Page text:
Nikon D7000 Review

November 15, 2010 | Mark Goldstein |

Review Roundup

Reviews of the Nikon D7000 from around the web. »

In their continued effort to blur divisions between different levels of camera within their range, Nikon have now released the D7000, which sits at the top of their consumer SLR range. Although it bears all the hallmarks of a high-end consumer level SLR, such as a compact, lightweight body and automatic scene modes, it borrows quite a lot from higher up the range too, giving enthusiasts a very well featured camera for slightly less money.
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As it has 16.2 million pixels on its CMOS sensor the Nikon D7000 has a higher resolution than all other Nikon APS-C (DX) format DSLRs. In fact it is only trumped in this respect by the top-end Nikon D3X, which has 24.5 million pixels on its full-frame (FX) sensor. However, the D7000 is aimed at enthusiast photographers and sits between the 12.3-million-pixel Nikon D300S and D90 in the DSLR line-up, with a list price of £1099.99.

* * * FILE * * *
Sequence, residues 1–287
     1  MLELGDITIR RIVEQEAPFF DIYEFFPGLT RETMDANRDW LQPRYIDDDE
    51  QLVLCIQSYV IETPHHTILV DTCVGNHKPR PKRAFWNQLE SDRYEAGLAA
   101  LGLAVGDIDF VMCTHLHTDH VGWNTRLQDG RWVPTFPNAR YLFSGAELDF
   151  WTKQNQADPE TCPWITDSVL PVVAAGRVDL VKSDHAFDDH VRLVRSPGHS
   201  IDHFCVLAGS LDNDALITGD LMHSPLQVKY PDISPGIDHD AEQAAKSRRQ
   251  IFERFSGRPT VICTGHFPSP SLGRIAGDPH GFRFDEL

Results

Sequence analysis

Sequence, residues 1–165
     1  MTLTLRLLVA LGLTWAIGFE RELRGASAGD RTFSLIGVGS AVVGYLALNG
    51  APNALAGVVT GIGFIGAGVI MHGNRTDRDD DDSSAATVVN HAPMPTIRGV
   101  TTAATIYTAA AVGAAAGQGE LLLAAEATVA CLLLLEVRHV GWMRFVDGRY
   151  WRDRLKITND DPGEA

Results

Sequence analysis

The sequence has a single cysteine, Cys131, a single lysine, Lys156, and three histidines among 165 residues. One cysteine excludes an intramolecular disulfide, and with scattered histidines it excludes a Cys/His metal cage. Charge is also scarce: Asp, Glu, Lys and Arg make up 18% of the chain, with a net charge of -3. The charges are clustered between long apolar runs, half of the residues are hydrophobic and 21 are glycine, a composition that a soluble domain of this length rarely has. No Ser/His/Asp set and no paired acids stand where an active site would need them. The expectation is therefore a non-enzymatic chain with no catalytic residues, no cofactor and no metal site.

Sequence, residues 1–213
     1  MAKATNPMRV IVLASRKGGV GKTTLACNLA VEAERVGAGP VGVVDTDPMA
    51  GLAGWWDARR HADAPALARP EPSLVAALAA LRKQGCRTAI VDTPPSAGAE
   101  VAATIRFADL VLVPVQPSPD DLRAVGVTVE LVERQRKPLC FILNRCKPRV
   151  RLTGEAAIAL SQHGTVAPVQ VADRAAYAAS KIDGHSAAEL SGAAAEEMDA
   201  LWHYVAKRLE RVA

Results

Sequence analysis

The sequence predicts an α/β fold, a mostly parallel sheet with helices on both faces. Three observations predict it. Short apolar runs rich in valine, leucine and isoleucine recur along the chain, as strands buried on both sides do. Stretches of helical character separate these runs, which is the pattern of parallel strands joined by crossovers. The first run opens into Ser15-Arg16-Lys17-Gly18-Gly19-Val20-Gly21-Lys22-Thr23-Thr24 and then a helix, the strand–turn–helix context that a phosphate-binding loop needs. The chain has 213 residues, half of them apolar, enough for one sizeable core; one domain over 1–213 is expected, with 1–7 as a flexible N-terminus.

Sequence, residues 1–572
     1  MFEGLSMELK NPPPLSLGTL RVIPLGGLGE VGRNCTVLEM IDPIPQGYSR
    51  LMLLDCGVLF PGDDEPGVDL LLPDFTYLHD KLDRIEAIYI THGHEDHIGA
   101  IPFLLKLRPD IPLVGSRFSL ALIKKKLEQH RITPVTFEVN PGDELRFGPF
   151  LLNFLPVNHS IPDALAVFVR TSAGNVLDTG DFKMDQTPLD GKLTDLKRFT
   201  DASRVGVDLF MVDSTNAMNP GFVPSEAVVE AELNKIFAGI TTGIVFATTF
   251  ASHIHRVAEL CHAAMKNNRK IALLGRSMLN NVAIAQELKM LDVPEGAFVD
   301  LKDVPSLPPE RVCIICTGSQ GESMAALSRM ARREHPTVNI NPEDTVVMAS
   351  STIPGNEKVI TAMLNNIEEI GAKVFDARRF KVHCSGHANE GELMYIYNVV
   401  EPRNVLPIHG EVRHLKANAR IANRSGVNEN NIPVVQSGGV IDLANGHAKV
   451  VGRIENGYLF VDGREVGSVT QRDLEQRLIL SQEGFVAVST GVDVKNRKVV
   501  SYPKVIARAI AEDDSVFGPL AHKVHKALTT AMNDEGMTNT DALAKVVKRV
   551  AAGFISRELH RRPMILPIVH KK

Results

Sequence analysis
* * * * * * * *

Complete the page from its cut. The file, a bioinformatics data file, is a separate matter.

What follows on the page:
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The Nikon D7000 boasts professional camera features in an advanced cropped-sensor DSLR using a state-of-the-art 16 megapixels CMOS sensor. This sensor covers an ISO 100 to 25600 sensitivity range while shooting continuously at 6 FPS or capturing full 1080p HD video. The durable magnesium body of the Nikon D7000 includes a large 100% coverage viewfinder and weather-seals against dust and moisture.
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